Lifestyle changes & Home remedies
What are some lifestyle changes or home remedies that can help me manage spider bite?
The following lifestyles and home remedies might help you cope with spider bite:
- Do not touch or massage the bitten area. If the spider was venomous, you should leave it alone in order to avoid spreading the venom.
- The bite victim should not engage in any physical activities after being bitten.
- Avoid heating pads. In the event that the spider emitted necrotic venom, the heat may facilitate assistance in the necrosis process.
- Avoid steroid creams.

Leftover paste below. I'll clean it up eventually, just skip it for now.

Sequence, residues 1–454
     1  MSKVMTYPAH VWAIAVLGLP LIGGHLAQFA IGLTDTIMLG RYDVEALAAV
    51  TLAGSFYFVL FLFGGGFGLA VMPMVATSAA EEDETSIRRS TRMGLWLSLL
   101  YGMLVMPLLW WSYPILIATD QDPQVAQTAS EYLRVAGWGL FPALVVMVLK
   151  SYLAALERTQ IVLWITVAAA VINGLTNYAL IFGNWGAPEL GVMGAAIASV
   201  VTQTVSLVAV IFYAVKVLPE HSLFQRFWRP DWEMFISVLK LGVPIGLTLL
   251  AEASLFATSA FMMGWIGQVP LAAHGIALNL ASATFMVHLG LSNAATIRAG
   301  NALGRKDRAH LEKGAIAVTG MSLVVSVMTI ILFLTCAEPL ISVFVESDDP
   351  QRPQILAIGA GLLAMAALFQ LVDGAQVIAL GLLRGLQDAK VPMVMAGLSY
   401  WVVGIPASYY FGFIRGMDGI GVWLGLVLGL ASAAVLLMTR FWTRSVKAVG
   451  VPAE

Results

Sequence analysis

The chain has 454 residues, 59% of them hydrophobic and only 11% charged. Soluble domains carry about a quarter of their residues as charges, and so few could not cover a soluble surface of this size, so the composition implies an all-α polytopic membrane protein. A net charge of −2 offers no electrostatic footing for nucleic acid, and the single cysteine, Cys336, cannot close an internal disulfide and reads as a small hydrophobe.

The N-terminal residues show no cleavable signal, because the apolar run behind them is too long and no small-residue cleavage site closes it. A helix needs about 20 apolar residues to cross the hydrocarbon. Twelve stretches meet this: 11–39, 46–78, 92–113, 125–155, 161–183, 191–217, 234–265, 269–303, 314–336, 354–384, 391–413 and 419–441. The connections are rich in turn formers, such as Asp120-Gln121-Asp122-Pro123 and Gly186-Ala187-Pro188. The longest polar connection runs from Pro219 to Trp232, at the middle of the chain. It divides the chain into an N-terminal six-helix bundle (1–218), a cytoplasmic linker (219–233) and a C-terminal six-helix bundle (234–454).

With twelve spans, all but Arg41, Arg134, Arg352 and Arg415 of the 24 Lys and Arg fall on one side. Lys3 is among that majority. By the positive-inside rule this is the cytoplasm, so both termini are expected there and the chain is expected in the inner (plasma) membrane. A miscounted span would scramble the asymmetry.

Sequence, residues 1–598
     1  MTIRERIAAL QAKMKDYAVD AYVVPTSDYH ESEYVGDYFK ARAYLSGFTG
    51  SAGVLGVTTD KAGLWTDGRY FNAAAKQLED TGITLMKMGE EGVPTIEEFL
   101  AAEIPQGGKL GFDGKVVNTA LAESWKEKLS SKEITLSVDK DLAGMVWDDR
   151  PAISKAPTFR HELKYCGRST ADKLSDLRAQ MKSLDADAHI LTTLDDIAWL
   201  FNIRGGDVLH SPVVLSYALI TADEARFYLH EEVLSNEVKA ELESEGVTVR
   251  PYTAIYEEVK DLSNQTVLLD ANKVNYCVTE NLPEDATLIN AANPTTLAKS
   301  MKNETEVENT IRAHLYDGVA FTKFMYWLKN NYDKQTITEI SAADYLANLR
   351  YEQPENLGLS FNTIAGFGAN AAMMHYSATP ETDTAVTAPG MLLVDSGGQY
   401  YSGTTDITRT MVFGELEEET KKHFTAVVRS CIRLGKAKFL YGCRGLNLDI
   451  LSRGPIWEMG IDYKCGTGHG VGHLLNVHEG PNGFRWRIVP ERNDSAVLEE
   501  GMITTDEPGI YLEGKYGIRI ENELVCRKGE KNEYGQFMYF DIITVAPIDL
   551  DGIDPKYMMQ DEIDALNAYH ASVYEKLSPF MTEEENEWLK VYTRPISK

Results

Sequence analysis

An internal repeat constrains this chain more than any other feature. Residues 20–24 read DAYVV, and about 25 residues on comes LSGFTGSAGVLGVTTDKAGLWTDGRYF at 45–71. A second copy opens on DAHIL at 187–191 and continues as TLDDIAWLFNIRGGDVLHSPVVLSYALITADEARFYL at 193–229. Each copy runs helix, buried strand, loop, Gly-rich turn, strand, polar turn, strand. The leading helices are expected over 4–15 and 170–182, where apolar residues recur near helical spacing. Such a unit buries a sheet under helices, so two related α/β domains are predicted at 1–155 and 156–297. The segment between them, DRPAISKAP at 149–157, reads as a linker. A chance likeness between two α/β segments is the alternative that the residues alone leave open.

- Sucking out the venom is not recommended.
If you have any questions, please consult with your doctor to better understand the best solution for you.
Hello Health Group does not provide medical advice, diagnosis or treatment.
Spider bites: First aid. http://www.mayoclinic.org/first-aid/first-aid-spider-bites/basics/art-20056618. Accessed November 6, 2016
Understanding Insect and Spider Bites – Symptoms. http://www.webmd.com/first-aid/understanding-insect-bites-spider-bites-symptoms. Accessed November 6, 2016
Spider Bite Pictures, Symptoms, and Treatments. https://healdove.com/first-aid/Spider-Bites-Pictures-Symptoms-and-Treatment. Accessed November 6, 2016
Spider Bites. https://medlineplus.gov/spiderbites.html. Accessed November 6, 2016
What Caused This Bug Bite? http://www.healthline.com/health/bug-bites. Accessed November 6, 2016
Review Date: April 17, 2017 | Last Modified: April 17, 2017